Output for the Eurozone declined 3.7% over last year. It’s the biggest contraction since November 2009.
Industrial output for the zone contracted 3.6% on a year-over-year basis in October and 1.4% on a monthly comparison.
November was weaker than expected, reporting a monthly rise of .2% and a year-over-year decline of 3.2%.
Until the last quarter of the year, Germany’s economy had continued to show growth even as the rest of Europe declined.
The decline in fourth quarter German gross domestic product (GDP) was deeper than expected, falling .5% against an expected fall of .2% or .3%.
Germany’s economy likely will not stay down for long since economic growth in other parts of the world is beginning to rebound and there are some indications in Europe that the worst in that area is over.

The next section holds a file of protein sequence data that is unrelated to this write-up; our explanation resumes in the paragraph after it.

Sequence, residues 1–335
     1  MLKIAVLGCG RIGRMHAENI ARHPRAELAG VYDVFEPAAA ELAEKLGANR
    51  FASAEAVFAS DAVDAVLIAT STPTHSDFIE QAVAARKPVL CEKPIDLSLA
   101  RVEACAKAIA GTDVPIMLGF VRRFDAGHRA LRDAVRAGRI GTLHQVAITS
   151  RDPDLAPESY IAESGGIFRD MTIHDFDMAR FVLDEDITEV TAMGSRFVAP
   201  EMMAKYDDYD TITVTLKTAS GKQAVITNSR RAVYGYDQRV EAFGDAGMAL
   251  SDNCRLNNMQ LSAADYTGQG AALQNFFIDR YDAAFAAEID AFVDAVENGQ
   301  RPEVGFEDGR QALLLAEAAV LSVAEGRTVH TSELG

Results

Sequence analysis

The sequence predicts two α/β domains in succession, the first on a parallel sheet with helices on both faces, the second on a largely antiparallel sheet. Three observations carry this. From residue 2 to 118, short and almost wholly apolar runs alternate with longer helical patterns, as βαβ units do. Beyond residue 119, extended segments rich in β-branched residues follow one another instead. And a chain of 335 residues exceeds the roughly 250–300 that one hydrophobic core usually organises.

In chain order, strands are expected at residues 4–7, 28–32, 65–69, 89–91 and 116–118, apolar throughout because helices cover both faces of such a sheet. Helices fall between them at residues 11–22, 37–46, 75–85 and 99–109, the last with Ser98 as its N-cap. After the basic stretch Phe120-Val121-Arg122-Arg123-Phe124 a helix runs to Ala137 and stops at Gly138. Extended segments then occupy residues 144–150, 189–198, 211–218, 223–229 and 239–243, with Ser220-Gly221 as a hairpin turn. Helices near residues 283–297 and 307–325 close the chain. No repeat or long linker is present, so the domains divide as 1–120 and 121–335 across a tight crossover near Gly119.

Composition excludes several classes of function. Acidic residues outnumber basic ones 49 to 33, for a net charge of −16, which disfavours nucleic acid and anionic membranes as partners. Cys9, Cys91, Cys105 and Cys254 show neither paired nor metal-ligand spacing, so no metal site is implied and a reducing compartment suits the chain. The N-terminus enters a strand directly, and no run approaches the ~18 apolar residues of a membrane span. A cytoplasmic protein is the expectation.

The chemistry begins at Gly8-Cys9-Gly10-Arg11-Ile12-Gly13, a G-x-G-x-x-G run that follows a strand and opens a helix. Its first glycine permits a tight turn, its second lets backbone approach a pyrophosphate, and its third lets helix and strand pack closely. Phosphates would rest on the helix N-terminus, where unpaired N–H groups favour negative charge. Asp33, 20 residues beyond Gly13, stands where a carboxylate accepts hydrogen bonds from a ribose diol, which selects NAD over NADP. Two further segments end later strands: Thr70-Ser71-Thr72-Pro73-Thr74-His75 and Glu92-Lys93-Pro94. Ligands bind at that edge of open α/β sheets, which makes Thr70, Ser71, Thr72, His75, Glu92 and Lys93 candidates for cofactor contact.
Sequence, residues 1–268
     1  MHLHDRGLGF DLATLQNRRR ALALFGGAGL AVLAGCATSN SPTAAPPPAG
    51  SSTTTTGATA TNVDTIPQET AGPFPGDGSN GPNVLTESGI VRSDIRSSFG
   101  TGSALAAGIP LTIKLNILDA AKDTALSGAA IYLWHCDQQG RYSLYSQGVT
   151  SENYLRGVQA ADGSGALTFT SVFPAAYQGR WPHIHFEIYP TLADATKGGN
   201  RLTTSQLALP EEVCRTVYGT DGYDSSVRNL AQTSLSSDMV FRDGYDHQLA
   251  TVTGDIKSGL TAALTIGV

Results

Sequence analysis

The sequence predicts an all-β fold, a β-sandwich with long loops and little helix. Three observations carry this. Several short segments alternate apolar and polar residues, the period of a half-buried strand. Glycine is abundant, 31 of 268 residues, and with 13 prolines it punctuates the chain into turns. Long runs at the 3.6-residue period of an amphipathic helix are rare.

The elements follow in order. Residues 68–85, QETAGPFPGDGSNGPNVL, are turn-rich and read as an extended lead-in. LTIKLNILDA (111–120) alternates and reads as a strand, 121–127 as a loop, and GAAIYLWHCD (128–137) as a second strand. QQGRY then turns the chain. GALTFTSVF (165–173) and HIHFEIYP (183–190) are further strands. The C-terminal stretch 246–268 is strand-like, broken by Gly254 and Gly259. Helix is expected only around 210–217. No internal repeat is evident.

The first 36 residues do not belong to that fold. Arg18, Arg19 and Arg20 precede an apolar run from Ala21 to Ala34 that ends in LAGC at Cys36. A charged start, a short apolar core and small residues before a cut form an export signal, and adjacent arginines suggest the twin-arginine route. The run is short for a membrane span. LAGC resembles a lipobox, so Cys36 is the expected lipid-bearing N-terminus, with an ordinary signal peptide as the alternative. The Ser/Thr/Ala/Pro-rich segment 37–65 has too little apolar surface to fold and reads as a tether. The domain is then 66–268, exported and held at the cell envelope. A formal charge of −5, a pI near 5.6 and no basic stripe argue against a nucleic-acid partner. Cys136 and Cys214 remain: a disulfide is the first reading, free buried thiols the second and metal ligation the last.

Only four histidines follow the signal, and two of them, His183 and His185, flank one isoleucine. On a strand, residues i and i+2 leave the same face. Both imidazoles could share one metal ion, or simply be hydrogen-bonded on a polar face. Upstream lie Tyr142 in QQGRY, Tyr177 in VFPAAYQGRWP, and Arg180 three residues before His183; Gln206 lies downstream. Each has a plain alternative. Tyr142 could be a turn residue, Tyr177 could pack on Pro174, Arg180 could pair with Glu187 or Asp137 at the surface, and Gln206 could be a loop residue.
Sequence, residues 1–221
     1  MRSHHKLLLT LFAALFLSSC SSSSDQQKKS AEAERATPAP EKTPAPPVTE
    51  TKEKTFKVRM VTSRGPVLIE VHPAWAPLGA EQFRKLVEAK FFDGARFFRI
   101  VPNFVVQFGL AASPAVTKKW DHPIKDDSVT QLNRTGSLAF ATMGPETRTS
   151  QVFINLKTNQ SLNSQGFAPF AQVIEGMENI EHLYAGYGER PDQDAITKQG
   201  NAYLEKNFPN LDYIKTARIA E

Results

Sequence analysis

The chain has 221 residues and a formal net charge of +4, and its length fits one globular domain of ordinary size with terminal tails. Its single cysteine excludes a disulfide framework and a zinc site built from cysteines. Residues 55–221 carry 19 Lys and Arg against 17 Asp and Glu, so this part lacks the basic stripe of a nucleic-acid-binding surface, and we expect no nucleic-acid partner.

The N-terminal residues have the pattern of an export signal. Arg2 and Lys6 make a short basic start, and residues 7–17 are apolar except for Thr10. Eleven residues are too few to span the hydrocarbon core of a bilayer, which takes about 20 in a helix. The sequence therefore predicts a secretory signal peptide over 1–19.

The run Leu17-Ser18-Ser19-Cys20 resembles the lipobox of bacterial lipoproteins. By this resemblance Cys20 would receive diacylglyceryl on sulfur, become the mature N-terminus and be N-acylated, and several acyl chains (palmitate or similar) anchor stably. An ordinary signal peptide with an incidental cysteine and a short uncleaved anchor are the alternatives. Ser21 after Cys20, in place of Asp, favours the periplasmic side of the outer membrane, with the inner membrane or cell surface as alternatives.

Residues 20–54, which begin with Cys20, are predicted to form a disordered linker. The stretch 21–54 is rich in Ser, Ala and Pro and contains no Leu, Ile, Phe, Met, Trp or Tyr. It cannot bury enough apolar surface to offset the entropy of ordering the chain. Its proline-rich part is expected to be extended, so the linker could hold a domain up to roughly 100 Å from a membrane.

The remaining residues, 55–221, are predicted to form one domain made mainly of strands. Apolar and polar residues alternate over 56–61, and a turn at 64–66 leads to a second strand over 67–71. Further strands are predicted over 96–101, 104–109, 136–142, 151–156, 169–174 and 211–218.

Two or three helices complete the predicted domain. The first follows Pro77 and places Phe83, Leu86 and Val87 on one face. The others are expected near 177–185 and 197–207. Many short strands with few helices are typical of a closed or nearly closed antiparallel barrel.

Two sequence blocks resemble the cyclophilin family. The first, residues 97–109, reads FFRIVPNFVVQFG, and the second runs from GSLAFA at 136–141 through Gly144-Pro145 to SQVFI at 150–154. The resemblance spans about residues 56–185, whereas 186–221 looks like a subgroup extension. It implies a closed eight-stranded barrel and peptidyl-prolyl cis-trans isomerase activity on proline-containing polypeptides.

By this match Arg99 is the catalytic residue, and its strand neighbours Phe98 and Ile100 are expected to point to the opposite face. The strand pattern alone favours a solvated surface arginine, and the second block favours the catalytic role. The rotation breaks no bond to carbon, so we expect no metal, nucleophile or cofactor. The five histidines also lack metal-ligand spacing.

The euro has a trade surplus with the rest of the world that soared to record highs in November, rising to €13.7 billion from €4.9 billion in 2011.
The trade surplus generated increased economic activity during the first three quarters of 2012 although it was not strong enough to counter weak domestic demand during the second and third quarters.
The pattern evidently continued into the fourth quarter, which may prove to be the trough of the European recession.

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